The water meters in Athens and many other places measure your water usage in Cubic Feet. Most of us have very little intuition about how much water is in a cubic foot. In recent years the new water statements and rates in Athens are in terms of gallons (x 1000). The meter readings are still in cubic feet.
The point of this problem is to develop intuitive estimates of the number of gallons of water in a cubic foot, using items that might be familiar to us.
Modern Plastic One Gallon Milk Jug.
The bulk of the milk is in a more or less cubical region in the bottom of the jug. In making an estimate we can concentrate on where the bulk of the milk is rather than the diminishing spaces at the top. The base is a little over 5 inches square so it is not unreasonable to ESTIMATE the volume of the milk jug (in cubic inches) to be in a 6 x 6 x 6 cube. So how many such cubes would fit in a 12 x 12 x 12 space (a cubic foot)? We can argue with some degree of confidence for an estimate of between 7 and 8 gallons in a cubic foot.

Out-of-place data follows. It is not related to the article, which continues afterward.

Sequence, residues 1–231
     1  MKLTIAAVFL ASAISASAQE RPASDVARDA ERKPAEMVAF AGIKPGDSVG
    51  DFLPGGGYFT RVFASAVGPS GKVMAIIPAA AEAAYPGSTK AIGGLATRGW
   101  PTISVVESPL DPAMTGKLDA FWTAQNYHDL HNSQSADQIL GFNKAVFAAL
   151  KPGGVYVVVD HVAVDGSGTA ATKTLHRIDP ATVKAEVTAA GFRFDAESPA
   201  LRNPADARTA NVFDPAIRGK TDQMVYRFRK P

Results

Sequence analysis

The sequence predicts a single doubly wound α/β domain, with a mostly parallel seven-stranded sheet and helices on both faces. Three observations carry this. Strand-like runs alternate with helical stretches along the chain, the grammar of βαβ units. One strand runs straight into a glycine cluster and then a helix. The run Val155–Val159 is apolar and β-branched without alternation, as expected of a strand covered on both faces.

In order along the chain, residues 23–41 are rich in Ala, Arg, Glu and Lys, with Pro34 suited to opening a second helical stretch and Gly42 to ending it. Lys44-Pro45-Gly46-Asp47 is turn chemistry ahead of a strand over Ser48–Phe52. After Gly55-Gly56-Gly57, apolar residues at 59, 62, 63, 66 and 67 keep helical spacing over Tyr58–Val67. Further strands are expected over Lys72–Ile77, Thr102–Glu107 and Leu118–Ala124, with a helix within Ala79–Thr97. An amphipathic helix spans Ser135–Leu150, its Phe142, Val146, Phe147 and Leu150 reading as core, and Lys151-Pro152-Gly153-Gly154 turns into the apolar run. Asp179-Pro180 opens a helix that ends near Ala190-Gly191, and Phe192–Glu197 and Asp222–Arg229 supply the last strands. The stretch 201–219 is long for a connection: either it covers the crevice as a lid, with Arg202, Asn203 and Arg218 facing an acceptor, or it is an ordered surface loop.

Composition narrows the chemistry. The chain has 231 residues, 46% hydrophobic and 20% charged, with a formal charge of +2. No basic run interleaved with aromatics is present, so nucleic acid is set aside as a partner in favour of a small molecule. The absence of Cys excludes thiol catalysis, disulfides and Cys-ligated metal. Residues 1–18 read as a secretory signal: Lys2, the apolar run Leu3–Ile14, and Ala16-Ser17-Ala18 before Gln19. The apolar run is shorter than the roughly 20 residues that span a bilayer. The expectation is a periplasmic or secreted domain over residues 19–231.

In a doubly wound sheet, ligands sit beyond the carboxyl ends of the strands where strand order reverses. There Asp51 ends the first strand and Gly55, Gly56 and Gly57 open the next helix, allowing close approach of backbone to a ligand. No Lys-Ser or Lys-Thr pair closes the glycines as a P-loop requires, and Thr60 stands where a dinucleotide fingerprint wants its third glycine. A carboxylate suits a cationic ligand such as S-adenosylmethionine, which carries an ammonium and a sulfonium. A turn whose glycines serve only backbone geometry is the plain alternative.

Compare a known gallon.
Compare a gallon container, such as a paint can, and a box or stick structure 12 inches on a side. Visually estimate or guess how many gallon in a cubic foot. Have students estimate from the visual comparison.
The can pictured at the right is a one gallon container, roughly 4 inches by 6 inches on the bottom and slightly over 9 inches tall. Six of these would sit compactly in the bottom 9 inches of a 12 x 12 x 12 box. So these 6 gallons are about 9/12, or 3/4, of a cubic foot. The other 1/4 would be a bit less than 2 gallons so once again we have a cubic foot is between 7 and 8 gallons.
How many gallons in a cubic foot?
How many cubic inches in a gallon?
How many cubic feet of gasoline in a Studebaker gasoline tank with a capacity of 17 gallons? What's a Studebaker? (Don't laugh. I owned one of these. Gasoline was under 20 cents per gallon.)